The majority of external sponsored funding at Duke is supplied by the Federal government. Higher education grantees receiving Federal support must abide by the cost accounting principles established by the Federal Office of Management and Budget (OMB).
The primary source for identifying costs which may be charged to grants, contracts, and other agreements is the Uniform Guidance (link is external) prepared by the Office of Management and Budget (OMB). The document identifies costs that may be charged to these agreements and further clarifies which of those costs may be charged as direct costs and which may be charged as indirect costs. While not all of the projects sponsored at Duke are federally funded, and while not all sponsors allow the inclusion of indirect costs in a project budget, the distinction between direct and indirect costs must be maintained throughout the University.
Not every cost associated with a project may be included in the budget. For example, entertainment costs are not allowable either as direct or F&A costs.
A sponsor's program announcement may identify costs which cannot be included in the budget, although they would qualify as direct costs according to Uniform Guidance.
Sponsors may also limit the dollar amount in certain budget categories. For example, salary caps may be set in place as part of appropriation legislation or agency policy. Many federal agencies also limit payment to individual consultants.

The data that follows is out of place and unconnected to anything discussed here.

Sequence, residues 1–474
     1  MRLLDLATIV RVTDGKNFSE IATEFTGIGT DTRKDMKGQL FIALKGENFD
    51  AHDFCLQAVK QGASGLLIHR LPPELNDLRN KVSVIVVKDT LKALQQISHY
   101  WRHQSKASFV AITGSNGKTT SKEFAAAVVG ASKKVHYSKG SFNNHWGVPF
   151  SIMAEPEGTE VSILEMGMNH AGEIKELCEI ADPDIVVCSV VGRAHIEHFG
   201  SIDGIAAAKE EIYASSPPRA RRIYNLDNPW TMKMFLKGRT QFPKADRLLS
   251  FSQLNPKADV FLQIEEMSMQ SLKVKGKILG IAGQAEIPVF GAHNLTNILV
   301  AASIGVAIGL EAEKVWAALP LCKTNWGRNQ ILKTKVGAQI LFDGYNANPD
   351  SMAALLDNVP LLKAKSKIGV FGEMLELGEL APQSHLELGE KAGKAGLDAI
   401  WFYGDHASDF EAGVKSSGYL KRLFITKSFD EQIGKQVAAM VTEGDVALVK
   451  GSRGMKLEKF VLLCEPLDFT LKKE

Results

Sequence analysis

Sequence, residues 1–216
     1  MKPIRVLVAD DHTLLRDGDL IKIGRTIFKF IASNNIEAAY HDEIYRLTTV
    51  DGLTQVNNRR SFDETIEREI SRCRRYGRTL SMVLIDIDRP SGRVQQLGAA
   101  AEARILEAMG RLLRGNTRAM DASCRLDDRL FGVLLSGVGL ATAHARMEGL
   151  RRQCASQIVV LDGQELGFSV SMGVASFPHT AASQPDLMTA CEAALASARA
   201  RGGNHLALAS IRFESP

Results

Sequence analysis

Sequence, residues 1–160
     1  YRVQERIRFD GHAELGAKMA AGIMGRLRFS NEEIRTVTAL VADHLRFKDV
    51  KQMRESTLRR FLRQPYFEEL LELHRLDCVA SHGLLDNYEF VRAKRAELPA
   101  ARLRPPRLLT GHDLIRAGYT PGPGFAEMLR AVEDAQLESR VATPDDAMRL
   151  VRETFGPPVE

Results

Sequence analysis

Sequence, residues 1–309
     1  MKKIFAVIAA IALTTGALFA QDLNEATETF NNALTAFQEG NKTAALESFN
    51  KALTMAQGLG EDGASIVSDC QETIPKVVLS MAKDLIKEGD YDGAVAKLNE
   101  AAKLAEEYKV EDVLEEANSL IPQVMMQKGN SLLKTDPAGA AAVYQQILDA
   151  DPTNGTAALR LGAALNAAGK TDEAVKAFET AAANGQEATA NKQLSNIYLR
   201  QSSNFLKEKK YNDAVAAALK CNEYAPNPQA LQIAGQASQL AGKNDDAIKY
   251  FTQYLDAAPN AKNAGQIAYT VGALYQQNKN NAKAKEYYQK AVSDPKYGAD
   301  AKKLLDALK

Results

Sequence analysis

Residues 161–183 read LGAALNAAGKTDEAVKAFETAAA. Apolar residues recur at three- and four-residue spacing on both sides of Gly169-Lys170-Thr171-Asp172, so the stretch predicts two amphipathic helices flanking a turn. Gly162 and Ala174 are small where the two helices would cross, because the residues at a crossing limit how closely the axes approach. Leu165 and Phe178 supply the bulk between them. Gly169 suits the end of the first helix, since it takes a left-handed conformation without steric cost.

For either Indirect (F&A) costs or direct costs, the federal government identifies specific activities or transactions that are not allowed to be charged to sponsored research, either as a direct cost or an F&A cost. The following costs have been specifically identified by the government as unallowable on government grants and contracts.
Examples of unallowable costs
The list below is not all-inclusive. Individual agency and program requirements may list other "unallowable" costs. When in doubt, adhere to the federal government's Uniform Guidance (linked above).
- Advertising for general promotion of the University, including printed materials, promotional items, memorabilia, gifts, and souvenirs
- Advertising for recruitment purposes that includes color or is excessive in size
- Alcoholic beverages
- Alumni or fundraising activities
- Bad debt write-offs
- Charitable Contributions
- Commencement expenses
- Decorative objects for private offices
- Fine/original art
- Fines and penalties
- First-class/business-class air travel differentials
- Gifts, prizes, and awards
- Goods or services for personal use
- Memberships in airline travel clubs
- Memberships in civic, social, community organizations or country clubs
- Faculty and exempt staff salary in excess of base rates paid by the institution.
- Selling or marketing products or services of the University.
- Social events